Radio review: Sharpening up the witty one-liners
Sharp – The Women who made an art of having an opinion - Radio 4
Michelle Dean's book Sharp – The Women who made an art of having an opinion – kicked off on radio with the queen of the one-liners Dorothy Parker.
She was “one writer who could never help sounding like herself, you could practically hear the scratch of her voice.”
These were much more than a series of potted biographies of witty intelligent women – Dean gets under their skin and plays out the light and darkness of their lives.
On the one hand, we were served up quality titbits of the old Parker vinegar wit.
One of her earliest lines for Vogue read: “Brevity is the soul of lingerie”, but we also were given a glimpse behind the brittle veneer to the real Parker whose voice was “self hating, masochistic” at times and who attempted suicide; who wanted to be a good writer, but who wanted the money more.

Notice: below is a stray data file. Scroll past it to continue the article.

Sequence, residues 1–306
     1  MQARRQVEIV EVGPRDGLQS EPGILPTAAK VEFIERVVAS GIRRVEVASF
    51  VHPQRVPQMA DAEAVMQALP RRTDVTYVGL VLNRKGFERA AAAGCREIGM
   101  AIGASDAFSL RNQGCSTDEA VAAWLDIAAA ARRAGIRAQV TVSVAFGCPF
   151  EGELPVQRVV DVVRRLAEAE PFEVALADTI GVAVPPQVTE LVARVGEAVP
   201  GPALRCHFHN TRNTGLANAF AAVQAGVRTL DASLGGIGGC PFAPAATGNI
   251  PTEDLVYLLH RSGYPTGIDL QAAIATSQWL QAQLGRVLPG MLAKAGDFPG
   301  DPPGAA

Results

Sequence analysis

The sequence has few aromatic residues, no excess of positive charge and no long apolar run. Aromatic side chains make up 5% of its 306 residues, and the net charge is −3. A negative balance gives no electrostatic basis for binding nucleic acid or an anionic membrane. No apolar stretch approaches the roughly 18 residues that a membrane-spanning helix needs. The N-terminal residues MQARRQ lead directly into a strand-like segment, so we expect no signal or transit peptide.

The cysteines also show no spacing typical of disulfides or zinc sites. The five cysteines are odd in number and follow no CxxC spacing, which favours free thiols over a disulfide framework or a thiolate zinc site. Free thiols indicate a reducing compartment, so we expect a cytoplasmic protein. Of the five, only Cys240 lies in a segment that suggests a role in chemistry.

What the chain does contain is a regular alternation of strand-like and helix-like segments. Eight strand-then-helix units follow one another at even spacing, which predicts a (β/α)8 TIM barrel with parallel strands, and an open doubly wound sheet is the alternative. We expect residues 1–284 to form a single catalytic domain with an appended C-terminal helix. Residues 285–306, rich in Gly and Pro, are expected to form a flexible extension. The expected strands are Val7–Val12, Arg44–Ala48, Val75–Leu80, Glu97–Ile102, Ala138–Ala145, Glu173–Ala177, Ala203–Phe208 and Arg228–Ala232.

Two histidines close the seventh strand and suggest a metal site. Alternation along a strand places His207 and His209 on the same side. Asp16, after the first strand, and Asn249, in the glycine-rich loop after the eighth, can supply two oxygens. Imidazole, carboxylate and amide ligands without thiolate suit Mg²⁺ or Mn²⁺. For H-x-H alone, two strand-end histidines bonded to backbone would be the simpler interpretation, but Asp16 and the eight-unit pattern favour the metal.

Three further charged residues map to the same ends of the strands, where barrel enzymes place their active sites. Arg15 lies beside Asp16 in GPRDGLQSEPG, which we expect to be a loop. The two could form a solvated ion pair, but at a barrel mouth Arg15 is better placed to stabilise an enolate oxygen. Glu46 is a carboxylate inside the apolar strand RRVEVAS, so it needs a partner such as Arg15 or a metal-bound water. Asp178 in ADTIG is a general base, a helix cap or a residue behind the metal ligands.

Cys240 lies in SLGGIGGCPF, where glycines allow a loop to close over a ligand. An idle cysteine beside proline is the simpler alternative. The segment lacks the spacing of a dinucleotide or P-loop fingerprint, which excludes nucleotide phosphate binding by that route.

The final woman to feature in this adaptation was Nora Ephron – the screen writer behind romantic comedies, When Harry Met Sally and Sleepless in Seattle.
The only novel Ephron wrote was about the break-up of her marriage to Carl Bernstein who broke Watergate. But he didn't break her.
Her novel, Heartburn, was her ultimate act of revenge.
Writer Michelle Dean tells how Ephron met up with the husband of the woman Bernstein cheated with.
“Peter, isn't it awful,” she told him. “I'm crying hysterically but I'm thinking that some day this will be a funny story.”
Heartburn was a best seller, made Ephron temporarily rich and got her away from Bernstein.
“He cheated on me and then got to behave as if he had been wronged because I wrote about it,” she said later.
Still, it's the magnificent one-liners that stay with you from this oh-so-sharp Book of the Week.
Ephron was particularly malevolent about Julie Nixon.
“I don't like her,” she said in one television chat show interview. “I think she's a chocolate-covered spider.”